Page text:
It Will occasion no surprise if, in addition to the daily rotation, some other motion
is assigned to the earth. That the earth rotates, that it also travels with several
motions, and that it is one of the heavenly bodies are said to have been the opnions
of Philolaus the Pythagorean. He was no ordinary astronomer, inasmuch as Plato
did not delay going to Italy for the sake of visiting him, as Plato's biographers
But many have thought it possible to prove by geometrical reasoning that the earth
is in. the middle of the universe; that being like a point in relation to the immense
heavens, it serves as their center; and that it is motionless because, when the
universe moves, the center remains unmoved, and the things newest to the center
are carried most slowly.
Chapter 6
The massive bulk of the earth does indeed shrink to
insignificance in comparison with the size of the
heavens. This can be ascertained from the fact that
the boundary circles (for that is the translation of the
Greek term horizons) bisect the entire sphere of the
heavens. This could not happen if the earth's size or
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distance from the universe's center were noteworthy
in comparison with the heavens. For, a circle that
bisects a sphere passes through its center, and is the
greatest circle that can be described on it.
Thus, let circle ABCD be a horizon, and let the earth, from which we do our
observing, be E, the center of the horizon, which separates what is seen from what
is not seen. Now, through a dioptra or horoscopic instrument or water level placed
at E, let the first point of the Crab be sighted rising at point C, and at that instant
the first point of the Goat is perceived to be setting at A. Then A, E, and C are on a
straight line through the dioptra. This line is evidently a diameter of the ecliptic,
since six visible signs form a semicircle, and E, the [line's] center, is identical with
the horizon's center. Again, let the signs shift their position until the first point of
the Goat rises at B. At that time the Crab win also be observed setting at D. BED
will be a straight line and a diameter of the ecliptic. But, as we have already seen,
ABC also is a diameter of the same circle. Its center, obviously, is the intersection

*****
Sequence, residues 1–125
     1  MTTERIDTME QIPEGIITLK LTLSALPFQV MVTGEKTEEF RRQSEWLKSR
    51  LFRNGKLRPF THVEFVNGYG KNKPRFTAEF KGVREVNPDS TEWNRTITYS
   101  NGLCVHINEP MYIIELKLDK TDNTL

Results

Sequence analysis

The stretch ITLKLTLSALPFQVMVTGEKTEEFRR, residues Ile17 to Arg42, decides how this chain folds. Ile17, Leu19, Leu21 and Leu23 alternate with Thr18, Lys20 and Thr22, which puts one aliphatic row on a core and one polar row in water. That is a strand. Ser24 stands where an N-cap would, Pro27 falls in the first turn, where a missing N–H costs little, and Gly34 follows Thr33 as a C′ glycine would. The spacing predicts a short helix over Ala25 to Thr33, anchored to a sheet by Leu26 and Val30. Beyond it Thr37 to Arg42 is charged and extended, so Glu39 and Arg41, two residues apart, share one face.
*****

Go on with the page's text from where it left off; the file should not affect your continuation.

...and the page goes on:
[of the diameters]. A horizon, then, in this way always bisects the ecliptic, which is
a great circle of the sphere. But on a sphere, if a circle bisects any great circle, the
bisecting circle is itself a great circle. Consequently a horizon is one of the great
circles, and its center is clearly identical with the center of the ecliptic.
Yet a line drawn from the earth's surface [to a point in the firmament] must be
distinct from the line drawn from the earth's center [to the same point].
Nevertheless, because these lines are immense in relation to the earth, they become
like parallel lines [III, 15]. Because their terminus is enormously remote they
appear to be a single line. For in comparison with their length the space enclosed
by them becomes imperceptible, as is demonstrated in optics. This reasoning
certainly makes it quite clear that the heavens are immense by comparison with the
earth and present the aspect of an infinite magnitude, while on the testimony of the
senses the earth is related to the heavens as a point to a body, and a finite to an
infinite magnitude.
But no other conclusion seems to have been established. For it does not follow that
the earth must be at rest in the middle of the universe. Indeed, a rotation in twentyfour hours of the enormously vast universe should astonish us even more than a
rotation of its least part, which is the earth. For, the argument a that the center is
motionless, and what is nearest the center moves the least, does not prove that the
earth is at rest in the middle of the universe.
To take a similar case, suppose you say that the heavens rotate but the poles are
stationary, and what is closest to the poles-moves the least. The Little Bear, for
example, being very close to the pole, is observed to move much more slowly than
the Eagle or the Little Dog because it describes a smaller circle. Yet all these
constellations belong to a single sphere. A sphere's movement, vanishing at its
axis, does not permit an equal motion of all its parts. Nevertheless these are